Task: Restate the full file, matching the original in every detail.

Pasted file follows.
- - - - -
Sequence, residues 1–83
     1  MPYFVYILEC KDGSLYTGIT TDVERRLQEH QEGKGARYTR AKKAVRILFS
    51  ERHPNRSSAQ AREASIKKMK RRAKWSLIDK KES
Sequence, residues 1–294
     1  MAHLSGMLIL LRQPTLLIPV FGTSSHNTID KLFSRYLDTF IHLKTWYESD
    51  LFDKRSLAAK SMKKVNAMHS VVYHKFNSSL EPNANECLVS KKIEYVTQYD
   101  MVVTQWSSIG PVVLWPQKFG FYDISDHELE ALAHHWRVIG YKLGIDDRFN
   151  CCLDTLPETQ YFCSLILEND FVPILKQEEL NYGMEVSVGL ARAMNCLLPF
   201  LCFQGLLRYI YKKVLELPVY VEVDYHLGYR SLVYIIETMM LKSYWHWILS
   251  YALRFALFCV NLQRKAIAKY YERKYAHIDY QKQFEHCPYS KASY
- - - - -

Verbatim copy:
Sequence, residues 1–83
     1  MPYFVYILEC KDGSLYTGIT TDVERRLQEH QEGKGARYTR AKKAVRILFS
    51  ERHPNRSSAQ AREASIKKMK RRAKWSLIDK KES
Sequence, residues 1–294
     1  MAHLSGMLIL LRQPTLLIPV FGTSSHNTID KLFSRYLDTF IHLKTWYESD
    51  LFDKRSLAAK SMKKVNAMHS VVYHKFNSSL EPNANECLVS KKIEYVTQYD
   101  MVVTQWSSIG PVVLWPQKFG FYDISDHELE ALAHHWRVIG YKLGIDDRFN
   151  CCLDTLPETQ YFCSLILEND FVPILKQEEL NYGMEVSVGL ARAMNCLLPF
   201  LCFQGLLRYI YKKVLELPVY VEVDYHLGYR SLVYIIETMM LKSYWHWILS
   251  YALRFALFCV NLQRKAIAKY YERKYAHIDY QKQFEHCPYS KASY